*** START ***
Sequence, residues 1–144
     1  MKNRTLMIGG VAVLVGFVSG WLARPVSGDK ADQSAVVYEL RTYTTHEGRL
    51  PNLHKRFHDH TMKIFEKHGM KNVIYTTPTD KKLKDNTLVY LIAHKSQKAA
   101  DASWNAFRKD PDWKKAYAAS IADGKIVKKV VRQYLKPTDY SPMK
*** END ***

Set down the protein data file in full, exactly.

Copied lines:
Sequence, residues 1–144
     1  MKNRTLMIGG VAVLVGFVSG WLARPVSGDK ADQSAVVYEL RTYTTHEGRL
    51  PNLHKRFHDH TMKIFEKHGM KNVIYTTPTD KKLKDNTLVY LIAHKSQKAA
   101  DASWNAFRKD PDWKKAYAAS IADGKIVKKV VRQYLKPTDY SPMK